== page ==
Crown ‘misled, delayed’ watchdog investigation into China arrests
A compliance offer at Victoria’s gambling regulator has told the Crown Resorts royal commission that the casino group delayed and mislead the watchdog’s investigation into how 19 of its staff were arrested in China in 2016.
Timothy Bryant, a compliance officer at the Victorian Commission for Gambling and Liquor Regulation (VCGLR), told the first day of Victoria’s inquiry into the James Packer-backed group’s Melbourne casino licence he was “frustrated” in his efforts to get to the bottom of the incident.
Crown has formally rejected a takeover offer from US private equity outfit BlackstoneCredit:Chris Hopkins
Chinese police arrested 19 Crown employees in October 2016, of whom 16 were later jailed for illegally promoting gambling in the country, prompting an immediate investigation by the VCGLR which only concluded late last year.
Mr Bryant said he interviewed senior executives at Crown as part of his investigation and in August 2017, Crown’s then-chief legal officer Joshua Preston gave a presentation to the regulator about the advice it had about the safety and legality of its China operations.
That presentation said risk intelligence firm, the Mintz Group, had advised Crown in early 2015 that a widely reported Chinese government crackdown on gambling related to casino customers and corruption rather than casinos.
However, later documents produced by Crown showed that Mintz had in fact warned Crown in early 2015 that the crackdown was targeting casinos trying to lure gamblers overseas to gamble. “For the Mintz advice to change from… ‘people involved in the gambling business’ to narrow it down to ‘people engaged in gambling’, I thought was quite a significant change,” Mr Bryant said.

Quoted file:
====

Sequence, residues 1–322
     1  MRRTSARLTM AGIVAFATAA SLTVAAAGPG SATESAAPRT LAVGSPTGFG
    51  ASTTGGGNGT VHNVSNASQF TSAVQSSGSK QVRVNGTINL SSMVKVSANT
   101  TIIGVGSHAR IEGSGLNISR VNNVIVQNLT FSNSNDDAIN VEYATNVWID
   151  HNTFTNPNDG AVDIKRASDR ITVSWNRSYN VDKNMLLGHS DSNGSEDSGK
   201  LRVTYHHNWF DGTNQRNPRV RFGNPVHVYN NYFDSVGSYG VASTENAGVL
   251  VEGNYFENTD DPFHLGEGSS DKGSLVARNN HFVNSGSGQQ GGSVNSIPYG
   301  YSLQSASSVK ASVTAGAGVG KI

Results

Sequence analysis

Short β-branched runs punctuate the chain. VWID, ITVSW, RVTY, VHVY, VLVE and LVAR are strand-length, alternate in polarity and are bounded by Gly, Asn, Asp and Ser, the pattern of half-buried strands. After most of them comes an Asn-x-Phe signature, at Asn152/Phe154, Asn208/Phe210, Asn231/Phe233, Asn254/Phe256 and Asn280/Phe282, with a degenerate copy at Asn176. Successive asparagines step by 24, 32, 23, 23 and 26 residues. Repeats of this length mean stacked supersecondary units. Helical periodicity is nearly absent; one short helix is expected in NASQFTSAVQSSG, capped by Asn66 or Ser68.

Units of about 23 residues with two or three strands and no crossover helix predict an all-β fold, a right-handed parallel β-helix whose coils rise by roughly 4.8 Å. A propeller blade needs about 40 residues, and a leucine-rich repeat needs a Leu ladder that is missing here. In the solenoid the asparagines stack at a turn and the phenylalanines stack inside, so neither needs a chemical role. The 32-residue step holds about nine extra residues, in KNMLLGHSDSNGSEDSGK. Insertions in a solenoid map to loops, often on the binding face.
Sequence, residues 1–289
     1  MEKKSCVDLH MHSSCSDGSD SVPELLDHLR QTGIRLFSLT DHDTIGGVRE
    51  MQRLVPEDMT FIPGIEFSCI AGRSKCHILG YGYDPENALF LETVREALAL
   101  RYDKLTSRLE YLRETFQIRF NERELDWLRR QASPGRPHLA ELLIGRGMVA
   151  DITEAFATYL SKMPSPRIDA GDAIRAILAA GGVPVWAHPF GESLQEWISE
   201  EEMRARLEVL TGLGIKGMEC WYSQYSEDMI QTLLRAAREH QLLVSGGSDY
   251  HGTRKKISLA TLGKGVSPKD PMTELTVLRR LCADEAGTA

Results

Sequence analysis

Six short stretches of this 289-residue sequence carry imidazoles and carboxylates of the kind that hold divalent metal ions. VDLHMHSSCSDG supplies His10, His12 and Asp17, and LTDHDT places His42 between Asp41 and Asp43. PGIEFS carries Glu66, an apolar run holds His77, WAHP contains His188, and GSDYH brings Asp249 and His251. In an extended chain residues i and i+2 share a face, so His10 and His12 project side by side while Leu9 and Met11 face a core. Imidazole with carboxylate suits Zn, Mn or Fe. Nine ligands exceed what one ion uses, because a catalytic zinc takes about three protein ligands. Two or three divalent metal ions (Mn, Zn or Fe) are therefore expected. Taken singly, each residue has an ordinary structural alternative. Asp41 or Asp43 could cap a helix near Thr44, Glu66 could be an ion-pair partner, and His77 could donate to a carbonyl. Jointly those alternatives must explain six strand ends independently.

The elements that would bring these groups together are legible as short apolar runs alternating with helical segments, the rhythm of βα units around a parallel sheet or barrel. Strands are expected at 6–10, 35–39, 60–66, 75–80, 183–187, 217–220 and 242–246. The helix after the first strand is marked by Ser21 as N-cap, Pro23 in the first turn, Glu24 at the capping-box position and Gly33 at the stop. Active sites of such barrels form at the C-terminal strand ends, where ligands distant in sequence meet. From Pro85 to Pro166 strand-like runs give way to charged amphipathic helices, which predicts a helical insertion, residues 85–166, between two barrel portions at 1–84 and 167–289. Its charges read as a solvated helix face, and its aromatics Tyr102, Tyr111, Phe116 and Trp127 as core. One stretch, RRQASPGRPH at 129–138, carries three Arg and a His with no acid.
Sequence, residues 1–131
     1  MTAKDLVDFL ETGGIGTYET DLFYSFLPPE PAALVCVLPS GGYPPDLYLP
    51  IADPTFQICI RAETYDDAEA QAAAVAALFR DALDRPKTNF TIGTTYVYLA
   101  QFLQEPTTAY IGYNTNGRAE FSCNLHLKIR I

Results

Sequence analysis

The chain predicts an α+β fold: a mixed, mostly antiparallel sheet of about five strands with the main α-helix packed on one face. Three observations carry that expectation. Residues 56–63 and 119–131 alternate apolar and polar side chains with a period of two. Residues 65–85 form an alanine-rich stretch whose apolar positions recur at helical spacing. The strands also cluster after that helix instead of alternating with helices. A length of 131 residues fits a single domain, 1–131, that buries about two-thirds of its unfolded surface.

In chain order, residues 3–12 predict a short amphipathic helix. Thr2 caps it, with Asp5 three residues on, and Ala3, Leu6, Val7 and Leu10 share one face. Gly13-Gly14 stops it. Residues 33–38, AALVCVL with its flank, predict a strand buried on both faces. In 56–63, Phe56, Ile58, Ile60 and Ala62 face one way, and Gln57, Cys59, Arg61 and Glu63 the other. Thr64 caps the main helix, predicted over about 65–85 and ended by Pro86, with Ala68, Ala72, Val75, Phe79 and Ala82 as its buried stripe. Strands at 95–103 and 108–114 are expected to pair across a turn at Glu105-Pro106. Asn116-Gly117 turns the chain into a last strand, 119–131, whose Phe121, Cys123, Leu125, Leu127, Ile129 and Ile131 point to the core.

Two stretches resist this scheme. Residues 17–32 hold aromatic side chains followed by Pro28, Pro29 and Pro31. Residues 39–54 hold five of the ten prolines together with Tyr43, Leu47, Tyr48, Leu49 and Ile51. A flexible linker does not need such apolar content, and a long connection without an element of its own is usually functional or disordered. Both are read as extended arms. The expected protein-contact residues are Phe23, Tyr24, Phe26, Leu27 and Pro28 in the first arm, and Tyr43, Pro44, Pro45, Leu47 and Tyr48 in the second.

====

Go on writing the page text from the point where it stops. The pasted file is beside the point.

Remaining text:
“If Crown weren’t willing to admit there had been a crackdown on overseas based casinos in China, they couldn’t take the risk mitigation steps that they needed.”
Mr Bryant said that in his interviews with Crown executives Barry Felstead and Jason O’Connor, he presented the two men with a copy of a February 2015 Reuters news article titled “China’s president just declared war on global gambling” .
Both men denied having read the article or having been aware China was targeting casinos operating in the country, he said. However the VCGLR subsequently received Crown emails in which Mr O’Connor was sent a copy of the same article, he said.
Likewise, Mr Felstead told the VCGLR that an incident in mid-2015 in which a Crown employee was detained and interviewed by police in Wuhan related to a customer. But documents Crown finally produced to the regulator in late 2019 showed Chinese police had in fact questioned the Crown employee about allegedly organising gambling tours.
Mr Felstead and Mr Preston both left Crown after appearing at last year’s NSW Bergin Inquiry into Crown. Mr O’Connor – who was the most senior Crown staff member caught up in the 2016 arrests and spent 10 months imprisoned in a Shanghai jail – is still with the group, most recently working on the opening of Crown Sydney.
Mr Bryant told the inquiry that these were two areas in which Crown had misled the VCGLR and had failed to “provide a transparent account of the arrests”.
He said Crown’s responses to its requests for documents and information were delayed, incomplete or piecemeal, and in some occasions were only provided after they had been produced for a shareholder class action launched in response to the arrests.
“It seemed like we were at the back end of the priority list,” he said.
The result was that the investigation took longer than it would have otherwise and that VCGLR was left with a less complete picture of what had gone wrong in China, Mr Bryant said.
Victoria launched a royal commission into Crown Melbourne’s casino licence after the last year’s long running Bergin Inquiry found that Crown was unfit to hold a licence in NSW because of money laundering, criminal infiltration and other probity issues at its Melbourne and Perth casinos.
The inquiry continues.
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